It's a problem that many a dog owner has endured. The dog who just loves to jump up people. They jump up visitors, children, neigbours and pretty much anyone who'll set foot in their immediate vicinity. So, how do you stop a dog from jumping up? Laura Harbidge would certainly like to know!
Question: I have got a 1 year old Staffordshire bull terrier bitch, who is very hyperactive, she always wants to play fight, and I cant sit down with her for a quiet 5 minutes without her jumping all over the furniture and chewing
shoe laces, arms and ankles!
She also likes to jump up, pull on the lead and chew everything.
This is quite embarrassing, but she still (not all the time, mostly if it’s cold, dark, or raining) goes to the toilet inside. She has a dog flap which she knows how to use, but for some reason at night she won’t use it, we even leave a light on outside, because we thought she might be scared of the dark!
I also have a problem if i take her for a walk on the chase, and she sees people, she will run up to them and jump up, and it doesn’t matter how loud you call her she will chase them until she catches them.
I think the only place where i can 100% say that she is well behaved is in the car.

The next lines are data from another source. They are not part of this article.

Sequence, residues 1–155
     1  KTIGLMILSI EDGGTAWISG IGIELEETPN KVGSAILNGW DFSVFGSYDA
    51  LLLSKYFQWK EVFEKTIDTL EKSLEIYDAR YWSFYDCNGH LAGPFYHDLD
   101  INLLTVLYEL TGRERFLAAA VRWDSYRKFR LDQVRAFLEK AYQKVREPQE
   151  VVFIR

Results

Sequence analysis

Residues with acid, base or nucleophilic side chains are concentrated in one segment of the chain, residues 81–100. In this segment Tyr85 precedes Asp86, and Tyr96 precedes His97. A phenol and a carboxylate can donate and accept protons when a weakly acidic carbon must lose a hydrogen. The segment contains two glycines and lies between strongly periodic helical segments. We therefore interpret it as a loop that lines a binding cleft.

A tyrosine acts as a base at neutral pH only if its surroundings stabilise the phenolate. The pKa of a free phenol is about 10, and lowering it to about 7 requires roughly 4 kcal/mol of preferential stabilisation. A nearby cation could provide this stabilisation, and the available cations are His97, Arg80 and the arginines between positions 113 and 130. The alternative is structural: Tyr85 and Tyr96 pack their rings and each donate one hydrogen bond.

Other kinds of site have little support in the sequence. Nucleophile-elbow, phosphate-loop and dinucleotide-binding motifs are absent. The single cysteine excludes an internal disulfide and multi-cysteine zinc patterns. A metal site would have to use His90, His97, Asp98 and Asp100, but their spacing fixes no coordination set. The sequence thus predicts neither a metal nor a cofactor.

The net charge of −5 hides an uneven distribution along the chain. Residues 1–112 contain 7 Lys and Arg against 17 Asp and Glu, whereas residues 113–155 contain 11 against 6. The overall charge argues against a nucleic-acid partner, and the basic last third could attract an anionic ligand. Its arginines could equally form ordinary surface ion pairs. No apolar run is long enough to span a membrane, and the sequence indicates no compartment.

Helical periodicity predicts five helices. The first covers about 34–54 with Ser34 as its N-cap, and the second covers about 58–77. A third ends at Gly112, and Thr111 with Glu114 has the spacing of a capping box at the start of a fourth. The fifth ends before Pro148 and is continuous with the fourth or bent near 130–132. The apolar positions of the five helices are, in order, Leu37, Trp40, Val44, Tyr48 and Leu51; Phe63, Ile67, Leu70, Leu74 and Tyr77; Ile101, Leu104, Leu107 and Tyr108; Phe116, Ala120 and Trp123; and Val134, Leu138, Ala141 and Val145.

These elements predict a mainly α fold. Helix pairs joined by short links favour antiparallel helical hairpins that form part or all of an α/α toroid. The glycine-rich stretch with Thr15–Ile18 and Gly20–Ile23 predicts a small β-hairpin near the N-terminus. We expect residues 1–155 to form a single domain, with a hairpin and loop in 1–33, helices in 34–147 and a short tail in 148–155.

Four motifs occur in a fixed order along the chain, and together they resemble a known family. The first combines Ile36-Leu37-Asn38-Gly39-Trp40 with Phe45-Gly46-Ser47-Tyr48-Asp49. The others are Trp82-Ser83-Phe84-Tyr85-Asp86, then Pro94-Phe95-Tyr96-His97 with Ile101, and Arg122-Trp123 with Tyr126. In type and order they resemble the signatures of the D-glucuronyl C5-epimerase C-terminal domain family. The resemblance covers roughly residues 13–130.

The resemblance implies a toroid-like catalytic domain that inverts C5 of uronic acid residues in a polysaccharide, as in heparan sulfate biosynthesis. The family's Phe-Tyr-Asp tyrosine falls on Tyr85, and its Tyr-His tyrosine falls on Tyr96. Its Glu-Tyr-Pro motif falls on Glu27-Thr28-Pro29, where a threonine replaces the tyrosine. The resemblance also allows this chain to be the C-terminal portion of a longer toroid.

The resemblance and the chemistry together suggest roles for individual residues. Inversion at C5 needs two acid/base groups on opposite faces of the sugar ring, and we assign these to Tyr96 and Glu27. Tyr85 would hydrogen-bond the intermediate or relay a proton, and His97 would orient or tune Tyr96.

Do you think you could help me with my naughty, cheeky little dog?
I look forward to hearing from you soon
Christine Emerson is a UK Dog Behaviourist and member of the K9 Magazine Advisory Panel. Here is her advice on how to stop a dog jumping up...
Wow! She sounds like a real live wire.
If you want a calm dog the first thing to look at is what you are feeding her, not just her meal but treats as well. There is a lot of well marketed dog food that has awful ingredients like sugar and colourings and these toxins may be making her mind whiz!
If you want a dry/complete diet choose one containing a named meat and cereal such as lamb or chicken and rice (under ingredients not on the front). Ask your pet shop for hypoallergenic treats.
On a cold, rainy night wait with her while she goes to the toilet. Leave a jar of treats in the garden (a jar stops the treats getting wet) and only on cold, dark or rainy nights give her a reward for going to the toilet outside.
She may then associate the dark, rain and cold with good things.
A member of the APDT should help you gain more control of her out on walks - you simply need to make yourself more exciting than whatever is distracting her - it really is easier than it sounds.
I expect her diet is the cause of most of your problems - most people understand what some children are like on poor quality food, sugary coloured drinks and chocolate, but don't stop to think that the same applies to dogs.